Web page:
St Clement worked day and night just to feed the poor people who came to the priory door. He continued to work as a servant at the priory up to 1775 when he spent his time living as a hermit.

Clement lived that life briefly until the Emperor who’s known as Joseph II, who was a proponent of enlightened absolutism, eradicated all hermitages in the Habsburg Empire.

St Clement Mary Hermit

After two pilgrimages to Rome in 1782, Clement found his way to Tivoli, Italy. He then decided to become a hermit at a local shrine of Our Lady of Quintiliolo. Being under the patronage of the local bishop known as Barnabas Chiaramonte (later Pope Pius VII), who was responsible for clothing him in the religious habit of a hermit.

It was at this time that he took the name of Clement Mary. St Clement, most likely after St. Clement of Rome, and Mary in honor of Mary, the mother of Jesus. As a hermit, Clement prayed for himself and for all the people in the world who failed to pray. He worked at the shrine and assisted the people who visited the shrines.

St Clement did not find happiness at this place, however, and in less than six months he left Quintiliolo. He then realized the need to pray for people was good work, but this was still not the priesthood that he wanted so badly.

St Clement went back to the priory at Brück to bake bread and to start the study of Latin once again. By the age of 29, because of the sponsorship of two women he met while serving Mass at the cathedral, he entered the University of Vienna. Students for the priesthood had to study at government-controlled universities since Emperor Joseph’s government had closed all seminaries.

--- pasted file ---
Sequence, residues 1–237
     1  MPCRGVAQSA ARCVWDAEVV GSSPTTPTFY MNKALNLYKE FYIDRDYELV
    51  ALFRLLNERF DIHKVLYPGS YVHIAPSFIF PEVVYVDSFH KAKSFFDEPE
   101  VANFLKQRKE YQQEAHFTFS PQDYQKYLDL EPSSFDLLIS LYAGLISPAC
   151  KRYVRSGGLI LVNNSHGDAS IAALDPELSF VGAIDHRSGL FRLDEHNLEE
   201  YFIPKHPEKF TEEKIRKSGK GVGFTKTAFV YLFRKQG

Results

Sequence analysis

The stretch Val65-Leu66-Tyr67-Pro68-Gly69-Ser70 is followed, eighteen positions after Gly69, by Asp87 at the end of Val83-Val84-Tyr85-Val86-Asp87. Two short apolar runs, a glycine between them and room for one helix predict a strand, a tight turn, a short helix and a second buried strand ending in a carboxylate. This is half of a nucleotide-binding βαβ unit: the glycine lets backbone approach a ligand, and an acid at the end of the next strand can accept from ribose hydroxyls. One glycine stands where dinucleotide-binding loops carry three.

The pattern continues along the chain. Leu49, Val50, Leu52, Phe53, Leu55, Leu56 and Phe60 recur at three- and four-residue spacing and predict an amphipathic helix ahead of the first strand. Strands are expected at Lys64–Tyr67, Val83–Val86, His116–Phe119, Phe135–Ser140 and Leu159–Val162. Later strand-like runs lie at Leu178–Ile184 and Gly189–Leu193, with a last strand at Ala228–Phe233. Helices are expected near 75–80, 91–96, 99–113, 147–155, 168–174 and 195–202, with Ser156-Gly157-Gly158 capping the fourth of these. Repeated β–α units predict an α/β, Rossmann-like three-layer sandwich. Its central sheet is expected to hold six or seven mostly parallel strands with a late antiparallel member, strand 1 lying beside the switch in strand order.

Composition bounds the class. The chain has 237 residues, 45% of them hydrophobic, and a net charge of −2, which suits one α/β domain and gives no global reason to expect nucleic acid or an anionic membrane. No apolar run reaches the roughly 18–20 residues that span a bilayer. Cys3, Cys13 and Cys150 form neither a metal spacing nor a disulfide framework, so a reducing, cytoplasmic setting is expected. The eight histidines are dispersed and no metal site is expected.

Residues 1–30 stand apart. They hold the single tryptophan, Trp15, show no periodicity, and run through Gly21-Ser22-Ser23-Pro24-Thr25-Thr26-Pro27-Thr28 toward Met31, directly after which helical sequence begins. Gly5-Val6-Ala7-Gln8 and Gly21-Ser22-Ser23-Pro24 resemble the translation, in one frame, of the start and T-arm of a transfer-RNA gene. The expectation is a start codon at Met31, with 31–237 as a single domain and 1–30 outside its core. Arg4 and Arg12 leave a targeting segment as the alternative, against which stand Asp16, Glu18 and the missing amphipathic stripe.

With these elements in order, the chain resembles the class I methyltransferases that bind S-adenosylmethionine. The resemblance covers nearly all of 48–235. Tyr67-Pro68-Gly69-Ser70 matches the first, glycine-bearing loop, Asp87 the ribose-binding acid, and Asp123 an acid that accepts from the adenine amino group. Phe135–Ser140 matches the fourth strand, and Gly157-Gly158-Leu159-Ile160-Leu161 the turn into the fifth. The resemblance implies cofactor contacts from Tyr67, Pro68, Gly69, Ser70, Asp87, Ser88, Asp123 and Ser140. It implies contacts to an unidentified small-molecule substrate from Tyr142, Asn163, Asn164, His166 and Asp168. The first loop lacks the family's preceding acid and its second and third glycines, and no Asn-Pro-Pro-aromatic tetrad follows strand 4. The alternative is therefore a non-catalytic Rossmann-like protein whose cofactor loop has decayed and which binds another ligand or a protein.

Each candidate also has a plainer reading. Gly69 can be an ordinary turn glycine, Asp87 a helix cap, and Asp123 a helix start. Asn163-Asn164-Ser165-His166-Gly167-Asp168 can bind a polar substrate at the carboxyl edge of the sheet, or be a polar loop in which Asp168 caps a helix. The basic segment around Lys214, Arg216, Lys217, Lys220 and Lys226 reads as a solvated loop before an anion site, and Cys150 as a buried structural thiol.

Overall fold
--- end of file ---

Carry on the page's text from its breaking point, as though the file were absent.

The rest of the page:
Clement was disappointed by the theology courses that were permeated by rationalism, Josephinism, and other outlooks and teachings he found questionable.

Clement finished his studies in philosophy in the year 1784. Although he could not proceed further towards ordination, however, as the Emperor had also prohibited religious communities to accept new candidates.

St Clement a Redemptionist

Throughout another pilgrimage in 1784 made on foot, Clement together with his traveling companion known as Thaddäus Hübl, decided to join a religious community. The two seminarians were allowed into the Redemptorist novitiate at the Community of San Giuliano in Rome.

On 19 March 1785 on the feast of Saint Joseph, Clement and Hübl became Redemptorists, openly professing to live the vows of chastity, poverty, and obedience. They both were ordained to the priesthood at the Cathedral of Alatri Ten days later.

The two Germanic Redemptorists presence was requested by their Superior General a few months after their ordination, Father de Paola. They were told to go back to their homeland across the Alps and initiate the Congregation of the Most Holy Redeemer in northern Europe.